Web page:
Depending on the nature and circumstances of the case, an arson conviction could result even in murder charges, if the fire resulted in deaths. This means a conviction could mean a life in prison sentence. The consequences of an arson conviction could be life-changing. Our arson defense lawyers can help you fight the charges and protect your rights every step of the way. Call us to find out how we can help you.
In California, embezzlement refers to stealing or misappropriation of funds that have been entrusted to an individual. To convict a defendant of embezzlement, the prosecutor must prove that the owner of the property entrusted it to the defendant; that the defendant then fraudulently used the property for his or her own benefit; and that by doing so, the defendant intended to deprive the owner of the property of its use. In order to prove that the defendant committed the act of embezzlement the prosecutor must show evidence that there was a relationship of trust between the property’s owner and the person who was entrusted with it.
Embezzlement is a crime that may be charged as a misdemeanor or a felony. This depends on the amount of money that has been embezzled or the value of the property that is believed to have been taken. A misdemeanor embezzlement conviction could result in up to six months in county jail and a fine of up to $1,000. A felony embezzlement conviction could result in up to three years in prison, formal probation and a fine of up to $10,000.
Tips if You Have Been Accused
If you have been accused of embezzling money or property, you may be wondering how to clear your name and defend the charges. Here are a few tips from our Orange County embezzlement defense lawyers:
Contact an experienced criminal defense lawyer right away. Whether you are under investigation for embezzlement or whether you are actually facing charges, the most important step you can take is contact a criminal defense lawyer who can help ensure that your legal rights and protected every step of the way.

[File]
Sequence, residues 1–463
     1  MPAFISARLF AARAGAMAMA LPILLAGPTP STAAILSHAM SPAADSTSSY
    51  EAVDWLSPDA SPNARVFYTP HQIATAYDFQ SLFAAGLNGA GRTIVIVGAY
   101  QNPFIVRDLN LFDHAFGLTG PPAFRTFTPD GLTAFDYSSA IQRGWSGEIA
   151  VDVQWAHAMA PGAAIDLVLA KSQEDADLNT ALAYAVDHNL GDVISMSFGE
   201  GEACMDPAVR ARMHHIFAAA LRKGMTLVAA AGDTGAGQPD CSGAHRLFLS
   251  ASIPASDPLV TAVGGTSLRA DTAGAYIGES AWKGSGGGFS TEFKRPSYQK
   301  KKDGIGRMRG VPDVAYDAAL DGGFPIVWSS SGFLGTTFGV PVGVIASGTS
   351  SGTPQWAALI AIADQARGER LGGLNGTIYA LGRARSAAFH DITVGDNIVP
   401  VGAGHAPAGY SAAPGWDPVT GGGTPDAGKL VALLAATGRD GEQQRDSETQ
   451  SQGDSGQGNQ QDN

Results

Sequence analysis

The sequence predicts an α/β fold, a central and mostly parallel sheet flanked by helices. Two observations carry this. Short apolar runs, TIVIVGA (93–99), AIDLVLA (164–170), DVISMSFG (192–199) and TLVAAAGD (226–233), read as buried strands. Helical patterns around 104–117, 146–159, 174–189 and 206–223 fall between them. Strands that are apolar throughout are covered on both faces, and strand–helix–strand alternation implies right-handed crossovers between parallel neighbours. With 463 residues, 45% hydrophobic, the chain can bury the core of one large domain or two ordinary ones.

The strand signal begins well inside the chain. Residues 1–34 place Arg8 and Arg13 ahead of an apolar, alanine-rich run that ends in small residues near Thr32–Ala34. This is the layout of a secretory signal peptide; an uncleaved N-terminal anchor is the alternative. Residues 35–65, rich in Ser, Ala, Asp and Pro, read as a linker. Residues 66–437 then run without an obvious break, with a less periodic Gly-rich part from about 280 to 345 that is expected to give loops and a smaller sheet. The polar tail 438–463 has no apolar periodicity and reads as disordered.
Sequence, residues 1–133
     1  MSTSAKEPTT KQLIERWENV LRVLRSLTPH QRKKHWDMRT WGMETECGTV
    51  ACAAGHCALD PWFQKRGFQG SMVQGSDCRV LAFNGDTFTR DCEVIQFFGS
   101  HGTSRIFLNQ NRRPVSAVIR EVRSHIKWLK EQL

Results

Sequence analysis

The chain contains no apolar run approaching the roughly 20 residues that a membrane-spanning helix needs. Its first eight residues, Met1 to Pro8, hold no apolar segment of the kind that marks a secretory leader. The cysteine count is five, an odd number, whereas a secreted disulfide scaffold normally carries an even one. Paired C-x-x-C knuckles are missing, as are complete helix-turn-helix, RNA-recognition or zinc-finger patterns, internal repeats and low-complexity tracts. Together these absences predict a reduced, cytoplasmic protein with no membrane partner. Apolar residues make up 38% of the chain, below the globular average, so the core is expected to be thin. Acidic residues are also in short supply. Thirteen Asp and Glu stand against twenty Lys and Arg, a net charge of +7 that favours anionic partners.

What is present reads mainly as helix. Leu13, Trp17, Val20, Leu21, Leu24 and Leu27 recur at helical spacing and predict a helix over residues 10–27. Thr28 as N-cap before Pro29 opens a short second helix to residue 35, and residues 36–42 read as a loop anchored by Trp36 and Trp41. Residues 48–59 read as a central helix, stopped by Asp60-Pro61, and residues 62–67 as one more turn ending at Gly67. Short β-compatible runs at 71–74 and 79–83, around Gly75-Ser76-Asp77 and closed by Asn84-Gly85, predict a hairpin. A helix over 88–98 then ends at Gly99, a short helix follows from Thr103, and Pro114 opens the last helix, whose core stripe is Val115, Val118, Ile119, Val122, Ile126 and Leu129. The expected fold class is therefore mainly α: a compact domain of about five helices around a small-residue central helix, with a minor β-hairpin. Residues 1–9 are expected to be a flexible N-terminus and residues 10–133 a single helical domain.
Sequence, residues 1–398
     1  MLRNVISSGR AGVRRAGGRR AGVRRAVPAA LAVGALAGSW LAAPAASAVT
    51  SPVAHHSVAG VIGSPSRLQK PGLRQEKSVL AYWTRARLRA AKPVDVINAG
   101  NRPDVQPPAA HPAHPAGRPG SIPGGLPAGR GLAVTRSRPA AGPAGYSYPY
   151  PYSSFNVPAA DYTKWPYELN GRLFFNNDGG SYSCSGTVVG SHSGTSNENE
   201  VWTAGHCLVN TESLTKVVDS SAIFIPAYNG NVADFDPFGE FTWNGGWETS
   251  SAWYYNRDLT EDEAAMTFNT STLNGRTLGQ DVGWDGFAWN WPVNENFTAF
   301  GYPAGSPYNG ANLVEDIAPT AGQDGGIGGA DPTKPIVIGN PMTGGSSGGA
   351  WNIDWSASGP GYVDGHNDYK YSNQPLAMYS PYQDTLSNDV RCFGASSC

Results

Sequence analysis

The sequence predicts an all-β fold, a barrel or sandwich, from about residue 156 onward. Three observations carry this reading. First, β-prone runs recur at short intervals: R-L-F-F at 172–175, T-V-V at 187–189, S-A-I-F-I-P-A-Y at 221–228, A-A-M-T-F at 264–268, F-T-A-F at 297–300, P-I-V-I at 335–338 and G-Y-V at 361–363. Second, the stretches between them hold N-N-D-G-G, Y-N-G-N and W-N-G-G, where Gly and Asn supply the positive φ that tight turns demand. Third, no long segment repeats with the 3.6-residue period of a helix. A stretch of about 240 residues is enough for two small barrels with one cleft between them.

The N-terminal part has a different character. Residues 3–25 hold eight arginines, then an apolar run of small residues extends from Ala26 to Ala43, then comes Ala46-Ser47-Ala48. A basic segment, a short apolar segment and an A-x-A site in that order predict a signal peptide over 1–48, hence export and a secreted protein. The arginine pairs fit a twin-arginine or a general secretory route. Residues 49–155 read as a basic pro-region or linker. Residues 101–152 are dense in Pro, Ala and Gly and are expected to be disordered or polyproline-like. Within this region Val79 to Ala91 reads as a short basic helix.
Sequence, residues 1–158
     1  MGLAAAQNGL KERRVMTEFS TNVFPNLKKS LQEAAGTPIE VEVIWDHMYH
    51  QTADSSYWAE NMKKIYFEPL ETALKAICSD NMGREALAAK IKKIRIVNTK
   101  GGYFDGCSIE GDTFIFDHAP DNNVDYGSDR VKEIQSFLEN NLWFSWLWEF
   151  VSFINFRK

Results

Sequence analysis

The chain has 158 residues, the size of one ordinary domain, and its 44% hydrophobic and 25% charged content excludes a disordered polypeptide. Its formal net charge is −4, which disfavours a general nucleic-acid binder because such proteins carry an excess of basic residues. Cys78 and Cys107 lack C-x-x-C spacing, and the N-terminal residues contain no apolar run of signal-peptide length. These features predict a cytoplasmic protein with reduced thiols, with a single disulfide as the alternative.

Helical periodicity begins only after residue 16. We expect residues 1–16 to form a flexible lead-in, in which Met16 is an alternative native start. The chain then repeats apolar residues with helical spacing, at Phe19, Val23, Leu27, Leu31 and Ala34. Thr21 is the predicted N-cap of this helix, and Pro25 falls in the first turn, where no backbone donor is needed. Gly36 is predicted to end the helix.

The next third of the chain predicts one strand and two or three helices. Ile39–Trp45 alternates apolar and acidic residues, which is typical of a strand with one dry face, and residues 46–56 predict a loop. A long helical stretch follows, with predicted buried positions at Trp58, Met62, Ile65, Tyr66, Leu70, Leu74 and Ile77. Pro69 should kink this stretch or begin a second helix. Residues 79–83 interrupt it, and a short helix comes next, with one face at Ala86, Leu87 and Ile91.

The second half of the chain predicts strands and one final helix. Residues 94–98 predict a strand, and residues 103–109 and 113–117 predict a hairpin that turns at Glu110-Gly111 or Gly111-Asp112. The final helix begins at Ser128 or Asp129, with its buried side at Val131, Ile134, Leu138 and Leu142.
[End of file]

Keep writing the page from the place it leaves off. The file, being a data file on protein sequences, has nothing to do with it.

Don’t talk to the police or investigators. You need to have a defense lawyer by your side before you talk to anyone. Police officers may seem friendly and may even seem like they have your best interests at heart. But, that’s not usually the case. Anything you tell the police can, and most often, will be used against you in court.
Stay away from social media. Remember, that anything you post on Facebook, Twitter or anywhere on the Internet can also be used against you as evidence in court. This could include posts by you, responses you post on others’ sites and any photos or videos you may upload. If you are been accused of embezzlement, it is best to stay away from posting or responding to anything online.
Preserve all pertinent evidence. Save any and all types of evidence including receipts, internal memos, emails and other communications and correspondence, which show you did not embezzle the money or property.
Contacting an Experienced Lawyer
Our experienced criminal defense lawyers know that even getting accused of embezzlement can have serious repercussions for you. In addition to facing criminal charges, you may be looking at other consequences such as job loss or even career loss. The allegations may leave your precious reputation tarnished. This is why you need to fight the charges with a knowledgeable and skilled defense attorney on your side.